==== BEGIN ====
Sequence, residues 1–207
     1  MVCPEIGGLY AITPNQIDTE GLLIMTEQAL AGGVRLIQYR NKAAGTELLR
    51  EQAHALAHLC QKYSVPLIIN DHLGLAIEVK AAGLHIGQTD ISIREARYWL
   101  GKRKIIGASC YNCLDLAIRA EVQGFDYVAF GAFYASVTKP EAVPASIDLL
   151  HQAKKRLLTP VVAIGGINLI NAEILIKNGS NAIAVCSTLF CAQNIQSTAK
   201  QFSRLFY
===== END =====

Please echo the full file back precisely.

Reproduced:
Sequence, residues 1–207
     1  MVCPEIGGLY AITPNQIDTE GLLIMTEQAL AGGVRLIQYR NKAAGTELLR
    51  EQAHALAHLC QKYSVPLIIN DHLGLAIEVK AAGLHIGQTD ISIREARYWL
   101  GKRKIIGASC YNCLDLAIRA EVQGFDYVAF GAFYASVTKP EAVPASIDLL
   151  HQAKKRLLTP VVAIGGINLI NAEILIKNGS NAIAVCSTLF CAQNIQSTAK
   201  QFSRLFY